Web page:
LOL don't know why but (none / 0) (#178)
    by Valhalla on Tue Jun 03, 2008 at 09:44:25 PM EST
    the never-done-more jokes just never get old with me!

    I must have a really juvenile sense of humor...

    Parent

    And these are the things (5.00 / 6) (#58)
    by lilburro on Tue Jun 03, 2008 at 09:24:50 PM EST
    Hillary's speech set up the conversation to be about.  Not that the media would take note.

    Parent
    Gag me (5.00 / 10) (#64)
    by Dr Molly on Tue Jun 03, 2008 at 09:25:43 PM EST
    with a Harry & Louise mailer

    Parent
    He likes her plan now? (5.00 / 6) (#78)
    by madamab on Tue Jun 03, 2008 at 09:28:25 PM EST
    I thought he thought it was punitive and would force people to pay for health care they couldn't afford?

    Golly gee!

    Next he's going to tell us Hillary is NOT SATAN!

    I just don't know what to "believe" anymore...;-)

    Parent

    Bull (5.00 / 1) (#173)
    by Davidson on Tue Jun 03, 2008 at 09:43:52 PM EST
    For months now he has been lying about his current plan calling it "universal."  Hell, even Edwards repeated that lie when he endorsed Obama.  I don't believe a word Obama says.  And an entire campaign of undermining UHC will make it impossible for him to do so.

    Not to mention, he's not qualified to be president so people will ask, "How do you actually plan on pushing this through when you have no leadership experience, let alone accomplishments?"  He can't.  This will always be his fatal flaw.

    Parent

    Speech better with paragraph breaks! (5.00 / 2) (#34)
    by catfish on Tue Jun 03, 2008 at 09:20:43 PM EST
    Much better speech after BTD edited.

    Yeah - I couldn't read it before (5.00 / 1) (#80)
    by ruffian on Tue Jun 03, 2008 at 09:28:45 PM EST
    It looked like the insane ramblings of a madman.  Or something by James Joyce.

    Parent
    Riverrun, (none / 0) (#209)
    by JDM in NYC on Tue Jun 03, 2008 at 10:18:32 PM EST
    past Bill and Hill'ry's, from swerve of shore to bend of bay, brings us by a commodius vicus of recirculation to White Howth Castle and environs...

    Parent
    Oh, so Bill Clinton isn't a racist anymore? (5.00 / 13) (#35)
    by No Blood for Hubris on Tue Jun 03, 2008 at 09:21:18 PM EST
    How convenient.

    And Obama's not scraping Hillary off his shoes tonight, either?

    Must be because  she trounced him by 12% in SD, the state he was supposed to win easily, don't you think?

    Curiouser and curiouser.

    No one has done more (5.00 / 3) (#98)
    by mulletov cocktails on Tue Jun 03, 2008 at 09:31:03 PM EST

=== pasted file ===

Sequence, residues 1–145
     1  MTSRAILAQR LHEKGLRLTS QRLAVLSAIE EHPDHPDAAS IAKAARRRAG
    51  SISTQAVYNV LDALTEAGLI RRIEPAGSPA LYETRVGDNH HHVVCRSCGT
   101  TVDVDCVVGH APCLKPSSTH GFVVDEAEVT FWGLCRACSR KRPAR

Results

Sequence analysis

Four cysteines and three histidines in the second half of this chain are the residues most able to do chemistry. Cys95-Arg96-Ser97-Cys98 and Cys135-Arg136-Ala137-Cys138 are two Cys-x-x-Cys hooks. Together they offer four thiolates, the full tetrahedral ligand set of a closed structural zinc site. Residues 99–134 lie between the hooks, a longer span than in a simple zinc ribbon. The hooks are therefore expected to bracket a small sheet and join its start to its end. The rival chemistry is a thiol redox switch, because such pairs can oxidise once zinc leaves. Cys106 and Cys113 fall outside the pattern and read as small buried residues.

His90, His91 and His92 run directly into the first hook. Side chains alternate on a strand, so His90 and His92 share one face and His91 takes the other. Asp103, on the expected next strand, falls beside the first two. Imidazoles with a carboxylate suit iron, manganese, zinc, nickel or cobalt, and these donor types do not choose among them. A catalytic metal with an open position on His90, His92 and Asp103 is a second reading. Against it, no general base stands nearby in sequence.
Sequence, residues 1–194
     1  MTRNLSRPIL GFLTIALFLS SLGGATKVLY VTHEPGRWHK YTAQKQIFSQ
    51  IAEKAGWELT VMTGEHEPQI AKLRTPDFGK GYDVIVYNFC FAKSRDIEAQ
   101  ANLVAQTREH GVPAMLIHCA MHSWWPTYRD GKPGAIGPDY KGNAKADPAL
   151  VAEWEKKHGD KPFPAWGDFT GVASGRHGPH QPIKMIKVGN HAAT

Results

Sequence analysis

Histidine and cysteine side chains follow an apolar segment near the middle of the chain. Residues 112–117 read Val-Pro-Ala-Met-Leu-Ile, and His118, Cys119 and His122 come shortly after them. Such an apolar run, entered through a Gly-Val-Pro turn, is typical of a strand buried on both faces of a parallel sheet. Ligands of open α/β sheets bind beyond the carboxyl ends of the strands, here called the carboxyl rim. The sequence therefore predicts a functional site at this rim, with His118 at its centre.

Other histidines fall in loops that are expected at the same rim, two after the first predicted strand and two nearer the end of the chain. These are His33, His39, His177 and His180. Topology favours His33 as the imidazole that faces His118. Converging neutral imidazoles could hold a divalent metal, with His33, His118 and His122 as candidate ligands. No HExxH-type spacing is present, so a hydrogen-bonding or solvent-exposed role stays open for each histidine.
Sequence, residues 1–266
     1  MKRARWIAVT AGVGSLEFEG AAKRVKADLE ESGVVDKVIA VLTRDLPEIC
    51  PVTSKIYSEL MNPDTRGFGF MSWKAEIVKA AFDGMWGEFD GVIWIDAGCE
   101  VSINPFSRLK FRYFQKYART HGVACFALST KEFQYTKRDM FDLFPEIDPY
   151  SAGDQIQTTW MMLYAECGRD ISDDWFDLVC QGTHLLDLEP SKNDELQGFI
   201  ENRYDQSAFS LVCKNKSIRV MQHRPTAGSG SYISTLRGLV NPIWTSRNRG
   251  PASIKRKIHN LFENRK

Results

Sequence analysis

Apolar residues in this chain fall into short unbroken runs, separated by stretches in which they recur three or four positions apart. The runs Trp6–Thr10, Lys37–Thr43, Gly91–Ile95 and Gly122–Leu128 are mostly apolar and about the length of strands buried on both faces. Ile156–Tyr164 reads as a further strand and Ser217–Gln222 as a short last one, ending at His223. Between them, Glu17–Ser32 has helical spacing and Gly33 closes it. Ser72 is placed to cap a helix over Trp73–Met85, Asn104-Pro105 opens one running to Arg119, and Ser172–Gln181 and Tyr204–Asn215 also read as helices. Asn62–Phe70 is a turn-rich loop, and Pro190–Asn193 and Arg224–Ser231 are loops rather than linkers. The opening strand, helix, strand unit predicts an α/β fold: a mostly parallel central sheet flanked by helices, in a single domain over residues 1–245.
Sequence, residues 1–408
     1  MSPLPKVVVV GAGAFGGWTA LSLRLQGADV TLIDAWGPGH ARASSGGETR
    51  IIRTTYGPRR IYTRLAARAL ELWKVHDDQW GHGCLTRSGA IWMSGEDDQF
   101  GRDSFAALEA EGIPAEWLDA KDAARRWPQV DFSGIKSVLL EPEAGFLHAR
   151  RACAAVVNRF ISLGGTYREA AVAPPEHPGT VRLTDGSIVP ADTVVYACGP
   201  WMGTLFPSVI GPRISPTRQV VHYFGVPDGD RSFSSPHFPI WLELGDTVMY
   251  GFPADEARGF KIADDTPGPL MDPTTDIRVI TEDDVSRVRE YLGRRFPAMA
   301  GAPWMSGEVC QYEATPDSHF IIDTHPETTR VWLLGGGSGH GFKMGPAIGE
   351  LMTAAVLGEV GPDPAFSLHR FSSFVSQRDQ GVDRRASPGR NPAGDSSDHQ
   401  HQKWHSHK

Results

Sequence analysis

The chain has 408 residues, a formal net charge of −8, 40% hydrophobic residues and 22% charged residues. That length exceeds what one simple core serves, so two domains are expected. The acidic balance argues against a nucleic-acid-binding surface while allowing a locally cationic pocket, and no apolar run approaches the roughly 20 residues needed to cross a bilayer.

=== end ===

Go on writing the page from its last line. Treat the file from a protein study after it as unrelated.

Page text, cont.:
to stand up for the Clinton legacy than Barack and Unities.  You probably missed that memo inbetween all of the reports on all the victories he garnered in key battleground states over the last few months.

    Parent
    Thanks for watching and blogging this so I don't (5.00 / 4) (#36)
    by Angel on Tue Jun 03, 2008 at 09:21:29 PM EST
    have to watch. I couldn't stand it.  And thanks for the laughs in the comments, I really, really need to laugh tonight.

    Hey, I thought universal health care meant (5.00 / 15) (#47)
    by No Blood for Hubris on Tue Jun 03, 2008 at 09:23:33 PM EST
    government forced you to buy plans against your will that you couldn't afford?

    That's what Obama's anti-Hillary pamphlet said.

    But who cares about flipflops when you're declaring an historic victory while losing a primary, eh?

    I had to cut out the rest of the speech (5.00 / 5) (#50)
    by Big Tent Democrat on Tue Jun 03, 2008 at 09:23:55 PM EST
    Server issues. Can't live bog it cuz I do not do that.

    the rest is the standard stunp speech.

    I'm listening to it ( can't watch) and (5.00 / 2) (#152)
    by Rhouse on Tue Jun 03, 2008 at 09:40:22 PM EST
    yes it's a standard stump speech except he keeps (Dean) screaming about change and yelling for effect for most of the end pard that BTD didn't put up.  Oh, and now he ends with Bruces' "Rising"

    Parent
    Bruce? Bruce?!?! BRUCE???! (none / 0) (#188)
    by Valhalla on Tue Jun 03, 2008 at 09:49:09 PM EST
    Now wait just a darn minute.  He can't co-opt Springsteen.  Forget all that church stuff, that's sacrilege!  

    Parent
    Has he been taking speech lessons (5.00 / 2) (#202)
    by RalphB on Tue Jun 03, 2008 at 10:05:39 PM EST
    from Wexler?  What's up with the yelling?  If this is a "great speech" then my dog is an astronaut.

    Boilerplate, jeez Kerry could have said this in '04 but without the emotion.

    Parent

    The write-in campaign started! (5.00 / 1) (#52)
    by koshembos on Tue Jun 03, 2008 at 09:24:33 PM EST


    So was it one of the best political speeches... (5.00 / 3) (#70)
    by Maria Garcia on Tue Jun 03, 2008 at 09:27:01 PM EST
    ...of our lifetime as the Obama supporter on Lou Dobbs show tonight promised?

    to be fair (5.00 / 3) (#82)
    by bjorn on Tue Jun 03, 2008 at 09:29:05 PM EST
    he is doing well, but I think Hillary was amazing.
    He finally paid respect to the Clinton legacy.

    Parent
    It (3.50 / 2) (#99)
    by LoisInCo on Tue Jun 03, 2008 at 09:31:24 PM EST
    honestly sounded like a hodgepodge of all the speeches he has ever given (except the race one) with a little brown nosing of Hillary and lots of fanatic sign waving behind him to keep us awake.

    Parent
    Irritable (5.00 / 3) (#127)
    by Athena on Tue Jun 03, 2008 at 09:37:09 PM EST
    Does he seem bored - or just his usual irritated self?  Does he have somewhere else to go?